By Jonathan Nicholson
It certainly looks like a stimulus, acts like stimulus. So why the reluctance to call the government’s $2 trillion response to the coronavirus a stimulus package?
Sen. Ted Cruz (R-Texas) went out of his way to avoid the word.
“I refer to it as a relief bill and those are very different things,” Cruz said in a recent CNBC interview.
Cruz said the checks going to households were meant “to put real money in their pockets, not in a Keynesian stimulus approach, but simply emergency relief for a lot of people who are hurting.”
Cruz is by no means alone. So what’s going on?
The debate over how to shorthand the third coronavirus response package signed into law March 27 has political implications. And this is an election year.
In 2008 and 2009, legislative efforts to combat the financial crisis and the recession that followed were both called stimulus packages.
From a size perspective, the 2008 and 2009 packages were far smaller than this year’s $2 trillion-plus package.
The 2009 stimulus was projected to cost $787 billion through 2019. Its predecessor, literally named the Economic Stimulus Act of 2008, had a $124 billion, 11-year price tag.
Republicans often railed against these programs, and had some success in painting them as wasteful spending that was ineffective in stimulating the economy. The House flipped to the GOP in 2010, as Republicans made “where are the jobs?” a mantra in dismissing the effectiveness of the stimulus.
This damaged the word “stimulus” as a brand. And in an election year, branding can matter. Stimulus became a term of derision.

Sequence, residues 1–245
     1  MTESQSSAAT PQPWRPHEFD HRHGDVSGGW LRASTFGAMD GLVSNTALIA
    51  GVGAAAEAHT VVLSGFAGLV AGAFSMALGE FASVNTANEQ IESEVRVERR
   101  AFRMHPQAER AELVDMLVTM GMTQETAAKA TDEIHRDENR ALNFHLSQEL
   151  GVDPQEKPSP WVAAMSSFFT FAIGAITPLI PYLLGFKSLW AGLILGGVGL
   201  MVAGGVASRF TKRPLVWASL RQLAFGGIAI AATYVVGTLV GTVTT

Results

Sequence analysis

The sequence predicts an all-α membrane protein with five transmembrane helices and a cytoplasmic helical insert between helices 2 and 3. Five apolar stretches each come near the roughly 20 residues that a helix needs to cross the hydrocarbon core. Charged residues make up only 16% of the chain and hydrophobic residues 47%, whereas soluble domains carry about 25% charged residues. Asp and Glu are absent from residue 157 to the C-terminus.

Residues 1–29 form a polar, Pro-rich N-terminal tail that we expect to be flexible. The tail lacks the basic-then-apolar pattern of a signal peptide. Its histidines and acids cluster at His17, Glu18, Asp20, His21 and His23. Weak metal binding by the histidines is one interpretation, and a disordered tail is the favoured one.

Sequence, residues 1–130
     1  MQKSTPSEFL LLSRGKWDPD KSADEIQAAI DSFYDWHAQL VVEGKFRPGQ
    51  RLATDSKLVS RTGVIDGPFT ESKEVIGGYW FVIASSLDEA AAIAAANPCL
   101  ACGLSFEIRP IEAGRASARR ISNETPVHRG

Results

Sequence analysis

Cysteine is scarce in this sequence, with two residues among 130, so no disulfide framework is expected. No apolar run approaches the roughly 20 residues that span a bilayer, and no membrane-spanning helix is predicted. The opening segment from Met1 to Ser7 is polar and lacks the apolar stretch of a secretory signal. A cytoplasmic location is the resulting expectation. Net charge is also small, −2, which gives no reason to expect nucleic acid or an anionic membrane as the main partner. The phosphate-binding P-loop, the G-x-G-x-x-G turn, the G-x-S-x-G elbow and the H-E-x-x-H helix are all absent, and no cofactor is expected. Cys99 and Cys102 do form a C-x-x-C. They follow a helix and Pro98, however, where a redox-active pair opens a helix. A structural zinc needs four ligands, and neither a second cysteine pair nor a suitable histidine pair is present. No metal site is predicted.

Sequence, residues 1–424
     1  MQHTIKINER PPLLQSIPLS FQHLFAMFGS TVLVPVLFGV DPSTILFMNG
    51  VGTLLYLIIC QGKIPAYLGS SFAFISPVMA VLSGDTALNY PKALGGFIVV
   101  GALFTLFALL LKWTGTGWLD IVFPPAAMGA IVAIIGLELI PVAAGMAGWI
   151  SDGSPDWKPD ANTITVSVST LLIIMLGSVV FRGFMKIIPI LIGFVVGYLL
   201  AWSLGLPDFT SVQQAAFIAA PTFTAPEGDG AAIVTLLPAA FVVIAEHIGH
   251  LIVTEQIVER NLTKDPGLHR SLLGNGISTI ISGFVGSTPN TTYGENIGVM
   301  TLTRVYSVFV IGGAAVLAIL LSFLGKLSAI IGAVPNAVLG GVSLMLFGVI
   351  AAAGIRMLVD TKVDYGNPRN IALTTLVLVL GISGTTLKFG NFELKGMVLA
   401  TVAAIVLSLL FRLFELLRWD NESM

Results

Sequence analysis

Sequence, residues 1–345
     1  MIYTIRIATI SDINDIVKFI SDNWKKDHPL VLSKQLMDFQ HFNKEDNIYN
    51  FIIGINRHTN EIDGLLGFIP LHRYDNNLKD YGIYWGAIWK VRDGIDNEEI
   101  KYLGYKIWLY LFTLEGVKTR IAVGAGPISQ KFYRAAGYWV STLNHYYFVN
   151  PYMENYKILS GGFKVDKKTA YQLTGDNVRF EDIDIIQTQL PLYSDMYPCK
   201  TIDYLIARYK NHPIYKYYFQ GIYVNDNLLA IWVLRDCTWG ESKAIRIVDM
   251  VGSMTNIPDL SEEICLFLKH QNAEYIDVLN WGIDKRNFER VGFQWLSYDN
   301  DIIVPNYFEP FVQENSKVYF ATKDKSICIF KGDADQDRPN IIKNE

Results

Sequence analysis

Doug Holtz-Eakin, president of the conservative American Action Forum and a former director of the Congressional Budget Office, said there is a political element to the worry over the stimulus tag. “I think that’s probably fair,” he said.
Some economists say there are more legitimate reasons than political concerns not to use the term stimulus. While the $2 trillion-plus package signed into law in late March has many of the same tools used in prior packages, they say its underlying aims make that label less accurate than for previous economic stimulus packages.
“I think of it as basically economic life support ‘til we get past the pandemic,” Holtz-Eakin said.
While “stimulus” has generally been attached to efforts to boost economic activity through tax or spending changes, Holtz-Eakin said it’s used by economists more precisely to mean attempts to spur overall demand for goods and services in an economy, either by getting households to spend more or increased governmental outlays.
St. Louis Fed President James Bullard said the object of the legislation is to keep people whole, not stimulate the economy that has been shut down on purpose.
“The object is to keep everybody whole during the period when you’re asking people to not go to their jobs or not to go to the shops and basically not participate in the economy,” he said, on CBS News’s “Face the Nation.”
And the original champion of stimulus was British economist John Maynard Keynes, whose theories, while holding sway for most widely respected economists, have been kryptonite for many conservatives like Cruz because Keynes viewed government spending as a good way to help the economy.
Scott Mulhauser, communications director for Senate Finance Committee Democrats when the 2009 stimulus was put together and now a partner in PR firm Bully Pulpit Interactive, said it was time to move on.
“While many of those who assailed stimulus efforts for workers, projects and families post-financial crisis now want that same funding, families are suffering, unemployment is rising and companies are shuttering, so let’s stop worrying about labeling and instead get this relief to those who need it,” he said.
U.S. equity benchmarks were sharply higher on Tuesday for the second straight day. The Dow Jones Industrial Average /zigman2/quotes/210598065/realtime DJIA -0.58% was up over 250 points in midafternoon trading.